Nevertheless, digitisation is not entirely free of deficits. Indeed, passionately advocating for the digital humanities and acknowledging the problems that occur when we digitise manuscripts are not mutually exclusive positions. We can support the great benefits that come with digitisation whilst sounding a call to arms against the loss of the tactility we require in making an emotional connection to a material object. As Bamford and Francomano describe argue, “[w]hen we handle a medieval manuscript in the flesh we can literally touch something medieval and, ostensibly experience an effect of physical presence” (35). Thus, we feel the need to touch, caress, and immerse ourselves in the vellum and ink and gold, and create not only a connection to our history but also acquire a sense of superiority and ownership that access to a digital version simply does not provide. The book sniffers and lickers amongst us do not fare well in the world of the simulation–with a physical artefact we can “scratch it, sniff it, lick it” (ibid.) or, as Francis Bacon put it, “Some Bookes are to be Tasted, Others to be Swallowed, and Some Few to be Chewed and Digested” (209). Once the book is digitised, however, the simulation is all we are able to enjoy. The “unmediated lived experience” is lost to us (Bamford & Francomano 35). The study of digitised manuscripts is arguably eschatological, being concerned as it is with the death of a manuscript and the soul of an object. The medieval manuscript serves almost as a memento mori, a reminder of our own mortality and the transience of life; but it also tantalisingly suggests immortality. The maker has long passed, someone who we romantically imagine has lived fully and died well. But here is the object of the person’s labours, and it has miraculously survived the passage of time.
Yet, the limitation of the simulation is felt most strongly in the way we access digitised artefacts–via a screen that cannot hope to convey physicality–and in the decisions about which material is chosen for digitisation. These decisions, rather than endeavouring to open up the canon to provide accessibility to the works of marginalised writers, often perpetuate elitist attitudes about a fixed canon and neglect, for example, people of color, who are still glaringly underrepresented in digital archives. This is certainly part of the reason why sites that display digitised cultural artefacts often end up as lonely vessels for the material they are meant to disseminate. The benefits of digitisation, such as greater public engagement, innovative user experiences and the dissemination of knowledge are therefore not always achieved by current digitisation projects that focus on the mass digitisation of cultural holdings and omit both a deep dive into collections and an interrogation of the hierarchies governing the digitisation process itself. As Prescott and Hughes put it in 2018, “manuscripts should be explored gradually […] building a multifaceted digital archive” (n.p.). Too often, the benefits of digitisation are lost to strategies that diminish the original by giving the user an inadequate understanding of a manuscript’s form and function, focusing on “treasures” that “reinforce existing cultural stereotypes and canonicities” and uses a “one size fits all” approach that does not adequately identify target audiences (ibid).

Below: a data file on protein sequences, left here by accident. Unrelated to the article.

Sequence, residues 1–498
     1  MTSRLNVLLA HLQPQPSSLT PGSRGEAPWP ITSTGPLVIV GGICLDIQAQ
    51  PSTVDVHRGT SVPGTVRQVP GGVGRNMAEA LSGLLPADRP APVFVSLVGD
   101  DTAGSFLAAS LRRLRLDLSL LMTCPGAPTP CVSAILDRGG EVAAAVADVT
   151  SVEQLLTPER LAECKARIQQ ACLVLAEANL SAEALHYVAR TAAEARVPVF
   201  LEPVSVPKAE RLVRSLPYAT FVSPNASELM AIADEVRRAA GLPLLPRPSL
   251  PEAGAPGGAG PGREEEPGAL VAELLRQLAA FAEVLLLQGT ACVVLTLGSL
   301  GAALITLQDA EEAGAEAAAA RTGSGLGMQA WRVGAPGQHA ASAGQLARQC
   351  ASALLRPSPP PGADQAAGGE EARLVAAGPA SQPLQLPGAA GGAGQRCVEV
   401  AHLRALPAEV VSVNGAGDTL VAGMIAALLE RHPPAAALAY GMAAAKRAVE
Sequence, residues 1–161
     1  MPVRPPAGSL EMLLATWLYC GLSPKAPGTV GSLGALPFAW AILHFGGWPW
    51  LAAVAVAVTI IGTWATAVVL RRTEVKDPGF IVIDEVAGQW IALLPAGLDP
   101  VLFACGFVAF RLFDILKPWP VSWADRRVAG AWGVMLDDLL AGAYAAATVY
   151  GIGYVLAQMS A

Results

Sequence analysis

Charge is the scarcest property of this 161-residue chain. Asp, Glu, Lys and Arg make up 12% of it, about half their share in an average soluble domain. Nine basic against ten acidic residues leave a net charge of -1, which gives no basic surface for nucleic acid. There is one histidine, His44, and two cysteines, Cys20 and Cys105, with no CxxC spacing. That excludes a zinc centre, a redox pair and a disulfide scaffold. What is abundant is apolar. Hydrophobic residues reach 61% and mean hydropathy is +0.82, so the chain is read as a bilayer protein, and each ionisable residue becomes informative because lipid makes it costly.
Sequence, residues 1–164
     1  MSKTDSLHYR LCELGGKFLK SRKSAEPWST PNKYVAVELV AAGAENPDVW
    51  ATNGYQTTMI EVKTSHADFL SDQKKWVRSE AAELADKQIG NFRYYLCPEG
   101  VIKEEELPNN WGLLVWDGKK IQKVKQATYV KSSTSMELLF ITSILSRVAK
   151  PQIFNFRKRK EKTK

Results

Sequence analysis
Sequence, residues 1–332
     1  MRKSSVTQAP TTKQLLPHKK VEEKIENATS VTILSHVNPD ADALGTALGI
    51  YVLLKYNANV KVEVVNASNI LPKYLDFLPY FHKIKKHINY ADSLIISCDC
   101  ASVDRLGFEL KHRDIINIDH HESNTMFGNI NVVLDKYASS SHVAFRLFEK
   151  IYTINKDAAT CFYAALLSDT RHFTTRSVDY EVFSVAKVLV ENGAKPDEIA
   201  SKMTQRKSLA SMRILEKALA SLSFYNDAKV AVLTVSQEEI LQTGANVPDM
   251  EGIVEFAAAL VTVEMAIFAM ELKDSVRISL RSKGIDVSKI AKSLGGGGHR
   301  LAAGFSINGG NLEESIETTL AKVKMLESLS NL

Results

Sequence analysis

Aside from the shortcomings of some digitisation projects in terms of the compilation of material, technology is also not always adequate in performing the tasks required of it either. In a Humanist Discussion Group email chain in 2011, Willard McCarty suggested that our problem is not that we dislike technology but that we wish to immerse ourselves within it; resenting it when it fails to perform miracles to our satisfaction (n.p.). On some level, our dislike may also be formed by the contention that the digital artefact is the tool of the autodidact. While this is certainly true to some extent, digital data silos are also created as a result of poorly designed websites. The digitisation of the notebooks of Charles Darwin is a good example of this. Despite press coverage and being freely available online, completely searchable and aligned with downloadable MP3 files, the images were “poor-quality greyscale scans from microfilm, which convey[ed] little of the physical character of the original notebook” (Prescott, “Imagining” 8). As Nat Torkington put it, criticizing the outcomes of digitisation, “I find the shittiest websites on the planet […] like a gallery spent all its money buying art and then just stuck the paintings in supermarket bags and leaned them against the wall” (n.p.). The risk of over-relying on technological methods is, however, not simply that they can be inadequate, but that they are “alien” to us, that we sense their otherness (McCarty “Getting” 291). We are reluctant to admit that our fear of technology confounds us and are apprehensive of the 0s and 1s that denote the loss of physicality (see McCarty “Getting”). As users, we assume of the role of accomplice in the suspicious death of a material object. This anxiety about our complicity in the death of the object is at once intellectual and chimes with our innate sense that what we are doing is abnormal. It might well be “a primitive Anlage of futurity” (ibid. 290)  but it speaks to the very heart of our fear as humans–the unknown hand reaching out from the dark (ibid.). By engaging with digitised manuscripts, we feel that we are complicit in the fall of humanity into posthumanism.